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Open Access Open Badges Research article

Activation of amygdala opioid receptors by electroacupuncture of Feng-Chi (GB20) acupoints exacerbates focal epilepsy

Pei-Lu Yi12, Chin-Yu Lu1, Chiung-Hsiang Cheng1, Yi-Fong Tsai1, Chung-Tien Lin1* and Fang-Chia Chang134*

Author Affiliations

1 Department of Veterinary Medicine, School of Veterinary Medicine, National Taiwan University, No. 1, Sec. 4., Roosevelt Road, Taipei 106, Taiwan

2 Department of Sports, Health & Leisure, College of Sports Knowledge, Aletheia University, Tainan Campus, Tainan Taiwan

3 Graduate Institute of Brain & Mind Sciences, College of Medicine, National Taiwan University, Taipei Taiwan

4 Graduate Institute of Acupuncture Science, College of Chinese Medicine, China Medical University, Taichung Taiwan

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BMC Complementary and Alternative Medicine 2013, 13:290  doi:10.1186/1472-6882-13-290

Published: 29 October 2013



The effect of seizure suppression by acupuncture of Feng-Chi (GB20) acupoints has been documented in the ancient Chinese literature, Lingshu Jing (Classic of the Miraculous Pivot), however, there is a lack of scientific evidence to prove it. This current study was designed to elucidate the effect of electroacupuncture (EA) stimulation of bilateral Feng-Chi (GB20) acupoints on the epileptic activity by employing an animal model of focal epilepsy.


Administration of pilocarpine into the left central nucleus of amygdala (CeA) induced the focal epilepsy in rats. Rats received a 30-min 100 Hz EA stimulation of bilateral Feng-Chi acupoints per day, beginning at 30 minutes before the dark period and performing in three consecutive days. The broad-spectrum opioid receptor antagonist (naloxone), μ-receptor antagonist (naloxonazine), δ-receptor antagonist (naltrindole) and κ-receptor antagonist (nor-binaltorphimine) were administered directly into the CeA to elucidate the involvement of CeA opioid receptors in the EA effect.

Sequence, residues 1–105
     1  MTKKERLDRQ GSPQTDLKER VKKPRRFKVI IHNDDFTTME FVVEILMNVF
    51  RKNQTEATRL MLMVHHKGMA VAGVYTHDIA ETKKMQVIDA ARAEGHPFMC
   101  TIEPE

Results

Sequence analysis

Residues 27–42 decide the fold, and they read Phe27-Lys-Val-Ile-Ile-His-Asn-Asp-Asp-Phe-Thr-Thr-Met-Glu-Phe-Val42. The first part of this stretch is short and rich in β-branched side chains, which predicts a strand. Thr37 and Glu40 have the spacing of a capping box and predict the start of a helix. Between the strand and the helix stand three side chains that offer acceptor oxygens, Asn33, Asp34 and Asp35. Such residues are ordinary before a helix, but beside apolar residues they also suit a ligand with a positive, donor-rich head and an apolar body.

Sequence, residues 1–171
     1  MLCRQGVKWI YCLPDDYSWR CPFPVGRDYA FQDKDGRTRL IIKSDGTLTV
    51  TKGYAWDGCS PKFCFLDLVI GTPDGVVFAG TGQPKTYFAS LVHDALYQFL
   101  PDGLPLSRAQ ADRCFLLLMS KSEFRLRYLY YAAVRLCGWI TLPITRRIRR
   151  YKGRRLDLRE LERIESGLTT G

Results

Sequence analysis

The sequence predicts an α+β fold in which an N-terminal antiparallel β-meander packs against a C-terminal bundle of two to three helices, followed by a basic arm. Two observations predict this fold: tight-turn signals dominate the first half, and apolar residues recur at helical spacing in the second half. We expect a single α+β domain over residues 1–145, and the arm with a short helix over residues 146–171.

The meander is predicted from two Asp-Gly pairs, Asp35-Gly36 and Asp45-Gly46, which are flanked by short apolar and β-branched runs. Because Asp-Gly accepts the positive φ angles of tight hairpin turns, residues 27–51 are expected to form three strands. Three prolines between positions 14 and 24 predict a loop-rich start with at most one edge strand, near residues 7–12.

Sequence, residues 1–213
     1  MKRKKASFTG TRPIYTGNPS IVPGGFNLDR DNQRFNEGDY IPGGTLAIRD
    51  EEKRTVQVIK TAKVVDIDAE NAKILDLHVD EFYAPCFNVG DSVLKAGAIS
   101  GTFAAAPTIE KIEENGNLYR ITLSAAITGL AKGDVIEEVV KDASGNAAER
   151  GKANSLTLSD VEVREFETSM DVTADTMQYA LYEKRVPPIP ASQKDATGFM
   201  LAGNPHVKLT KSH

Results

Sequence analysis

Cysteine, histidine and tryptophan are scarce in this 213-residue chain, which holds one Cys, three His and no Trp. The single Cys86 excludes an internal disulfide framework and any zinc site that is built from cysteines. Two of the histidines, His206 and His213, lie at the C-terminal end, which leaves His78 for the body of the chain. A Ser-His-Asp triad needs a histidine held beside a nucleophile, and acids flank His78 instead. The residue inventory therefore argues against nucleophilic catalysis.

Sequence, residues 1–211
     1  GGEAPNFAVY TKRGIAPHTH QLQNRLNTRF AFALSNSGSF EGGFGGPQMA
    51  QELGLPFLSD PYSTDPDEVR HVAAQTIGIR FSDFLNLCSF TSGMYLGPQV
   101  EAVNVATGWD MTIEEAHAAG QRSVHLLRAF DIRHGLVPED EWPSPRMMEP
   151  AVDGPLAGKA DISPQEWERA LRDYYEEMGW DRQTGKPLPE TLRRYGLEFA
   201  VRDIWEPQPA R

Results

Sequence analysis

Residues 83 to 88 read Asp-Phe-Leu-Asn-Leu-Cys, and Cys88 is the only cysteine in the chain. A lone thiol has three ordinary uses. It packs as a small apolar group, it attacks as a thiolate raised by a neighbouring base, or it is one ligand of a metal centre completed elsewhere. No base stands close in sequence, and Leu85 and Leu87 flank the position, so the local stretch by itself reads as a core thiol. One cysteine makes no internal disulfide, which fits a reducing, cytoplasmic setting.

High-frequency (100 Hz) EA stimulation of bilateral Feng-Chi acupoints did not suppress the pilocarpine-induced epileptiform electroencephalograms (EEGs), whereas it further increased the duration of epileptiform EEGs. We also observed that epilepsy occurred while 100 Hz EA stimulation of Feng-Chi acupoints was delivered into naïve rats. EA-induced augmentation of epileptic activity was blocked by microinjection of naloxone, μ- (naloxonazine), κ- (nor-binaltorphimine) or δ-receptor antagonists (natrindole) into the CeA, suggesting that activation of opioid receptors in the CeA mediates EA-exacerbated epilepsy.


The present study suggests that high-frequency (100 Hz) EA stimulation of bilateral Feng-Chi acupoints has no effect to protect against pilocarpine-induced focal epilepsy; in contrast, EA further exacerbated focal epilepsy induced by pilocarpine. Opioid receptors in the CeA mediated EA-induced exacerbation of focal epilepsy.

Electroacupuncture; Feng-Chi (GB20); Epilepsy; Amygdala; Opioid receptors